With an epic V12 engine and sexy styling, Ferrari’s latest drop-top, 812 GTS, is a tantalising performance proposition that relishes a track thrash.
It’s not easy to drown out the sonorous howl of a Ferrari V12. But big speed and a lack of a roof goes a long way to achieving the audibly challenging.
The thought comes to me as I watch the digital speedo flash 265km/h down the main straight at Sydney Motorsport Park (formerly Eastern Creek). It helps that my helmet is poking out of the roof of the Ferrari 812 GTS that is my ride for some spirited hot laps.
As well as the gale-like roar of wind there’s a lightening of my helmet as it reaches skyward, the dome on the lid working like a crude aeroplane wing to create lift.
Then it’s hard on the brakes to wash off almost 100km/h throughout the fast sweeping corner that kicks off a lap. More impressive is how much pace the Ferrari builds in the rush down to the hairpin second bend. Another solid squeeze of the brakes is a reminder of just how much stopping power is hauling one of the most epic Ferraris ever created, now available as a GTS, or convertible. Carbon ceramic discs deliver eye-popping performance.
Drop-top Ferrari with V12 appeal
Drop-top Ferraris are nothing new, but the prospect of a V12 open-air Ferrari has remained elusive to many for decades. Previous iterations have been special editions, which typically require extensive Ferrari ownership to get on the shortlist of would-be owners.
With the 812 GTS Ferrari is getting more serious, albeit at an equally serious price: think $675,888, some $66,000 more than the roofed 812 Superfast (GTS denotes convertible, Superfast is the coupe).
Even then, you’ll be shelling out thousands more for things like Apple CarPlay, a reversing camera and autonomous emergency braking, the sorts of things now standard on $20,000 hatchbacks. If you’re one to get tied up in knots over that then you’re probably not the target market… By the time you get it on the road with a few of those extras don’t expect much change from 800 large – or more.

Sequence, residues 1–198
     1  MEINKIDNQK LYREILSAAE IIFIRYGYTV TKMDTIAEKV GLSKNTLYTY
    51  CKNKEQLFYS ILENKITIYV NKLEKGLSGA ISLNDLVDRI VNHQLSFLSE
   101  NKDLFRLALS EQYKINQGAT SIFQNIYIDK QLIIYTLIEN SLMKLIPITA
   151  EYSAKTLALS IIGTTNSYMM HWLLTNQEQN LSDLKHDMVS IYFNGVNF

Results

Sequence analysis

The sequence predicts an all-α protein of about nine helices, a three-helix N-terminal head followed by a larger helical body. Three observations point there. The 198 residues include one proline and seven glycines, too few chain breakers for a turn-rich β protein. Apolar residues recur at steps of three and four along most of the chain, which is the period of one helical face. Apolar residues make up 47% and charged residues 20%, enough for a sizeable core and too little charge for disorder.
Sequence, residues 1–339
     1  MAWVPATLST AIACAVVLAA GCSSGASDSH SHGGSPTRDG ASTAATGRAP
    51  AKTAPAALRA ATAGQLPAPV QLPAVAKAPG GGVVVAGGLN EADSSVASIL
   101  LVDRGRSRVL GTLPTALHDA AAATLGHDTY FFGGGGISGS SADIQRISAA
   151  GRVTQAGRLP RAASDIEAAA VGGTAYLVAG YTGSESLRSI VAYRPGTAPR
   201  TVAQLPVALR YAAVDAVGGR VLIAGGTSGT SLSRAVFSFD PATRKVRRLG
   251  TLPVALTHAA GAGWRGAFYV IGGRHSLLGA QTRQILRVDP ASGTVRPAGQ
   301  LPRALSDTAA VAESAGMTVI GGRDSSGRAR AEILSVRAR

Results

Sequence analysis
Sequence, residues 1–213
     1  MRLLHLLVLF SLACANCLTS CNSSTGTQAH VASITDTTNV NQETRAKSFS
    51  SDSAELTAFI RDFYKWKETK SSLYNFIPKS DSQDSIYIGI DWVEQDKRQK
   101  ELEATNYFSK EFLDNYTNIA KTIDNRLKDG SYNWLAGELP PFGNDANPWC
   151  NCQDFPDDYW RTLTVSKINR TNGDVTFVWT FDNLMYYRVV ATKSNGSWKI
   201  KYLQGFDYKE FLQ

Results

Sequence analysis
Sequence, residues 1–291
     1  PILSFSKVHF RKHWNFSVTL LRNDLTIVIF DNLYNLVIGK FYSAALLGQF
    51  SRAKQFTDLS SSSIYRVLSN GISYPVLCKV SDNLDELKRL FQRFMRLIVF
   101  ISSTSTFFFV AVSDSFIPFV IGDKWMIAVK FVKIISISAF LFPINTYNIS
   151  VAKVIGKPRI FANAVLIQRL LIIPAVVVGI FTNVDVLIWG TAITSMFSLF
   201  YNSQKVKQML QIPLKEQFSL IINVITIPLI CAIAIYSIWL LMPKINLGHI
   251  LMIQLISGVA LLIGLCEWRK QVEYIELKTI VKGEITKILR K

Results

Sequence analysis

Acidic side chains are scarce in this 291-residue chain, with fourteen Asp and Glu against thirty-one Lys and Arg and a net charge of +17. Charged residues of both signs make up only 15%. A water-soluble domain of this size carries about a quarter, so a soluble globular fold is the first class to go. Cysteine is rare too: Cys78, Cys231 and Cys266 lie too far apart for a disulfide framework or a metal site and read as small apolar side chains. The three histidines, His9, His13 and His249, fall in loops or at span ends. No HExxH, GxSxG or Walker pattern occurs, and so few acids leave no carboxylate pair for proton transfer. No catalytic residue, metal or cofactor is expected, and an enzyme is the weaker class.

It’s all about the look … and the V12
Besides, such financial trivialities start to dissipate once you explore the 6.5-litre V12 lurking beneath the long bonnet, elegantly styled front wheel arches in your peripheral vision a reminder of the sheer length of bonnet up front. As the world transitions to turbos and hybrid tech, Ferrari’s V12 is a delicious reminder of how much there is to love about natural aspiration.
And it’s an engine that gets better with revs. The numbers tell the story. Its 718Nm torque peak arrives at 7000rpm – beyond where many engines have already given up. The 588kW power peak – 800 horsepower in the old money, hence the “8” in the name – arrives at 8500rpm, the point at which the seven-speed twin-clutch auto is calling for a gear change.
From 6000rpm up things get noticeably more exciting, acceleration nothing short of phenomenal. The 812 is claimed to reach 100km/h in less than 3.0 seconds. The dash from 100-200km/h takes around 5.3 seconds. Like an athlete lunging towards the finish line the 812 shows no signs of slowing as revs continue to swell.
At 7500rpm the V12 is in full song, still pulling prodigiously. It’s that final dash to 8500rpm – the point at which it’s ready to pull on the right-hand shift paddle to pluck the next ratio – that defines this engine.
The folding hard-top adds 75kg to the mass, but there’s never any shortage of oomph, the Ferrari refreshingly content at big speeds.
There are reminders of the 812’s reason for being, though; sure, it’s on the sportier side of the growing Ferrari showroom, but it’s difficult to hide 1735kg when you’re pushing on. The 812 is a big car that promises to pamper over long distances – while still rewarding during a spirited thrash.
Broad 20-inch tyres (they’re 315mm wide at the rear) hold on beautifully and there’s a user-friendliness that belies the speed at which ripple strips and safety fences are flashing past. Thank some fancy electronics for that. Ferrari is a leader in allowing big smiles while ensuring things don’t end up facing backwards. There’s beautiful progression to the way the traction control contains wheelspin, simply dialling back the power while maintaining momentum.
Yet it allows enough slip in Race mode for the occasional slip and (controlled) slide. Steering is pointy but in sync with the rear-end, which is aided by mild steering for added high speed confidence.
Of course, the GTS is more luxurious weekend away than race track star, although at some point it’s worth unleashing somewhere other than a policed road. It’s a glorious machine, one that rewards and pampers, always with raw speed at its heart.
Ferrari 812 GTS specifications
Price $675,888, plus options and on-road costs Engine 6.5-litre V12 Power 588kW at 8500rpm Torque 718Nm at 7000rpm Transmission 7-speed twin-clutch automatic 0-100km/h less than 3.0 seconds 0-200km/h 8.3 seconds Dimensions 4693mm long 1971mm wide 1276mm high 2720mm wheelbase Weight 1735kg Boot Space 250 litres Fuel Tank 92 litres Thirst 15.8L/100km
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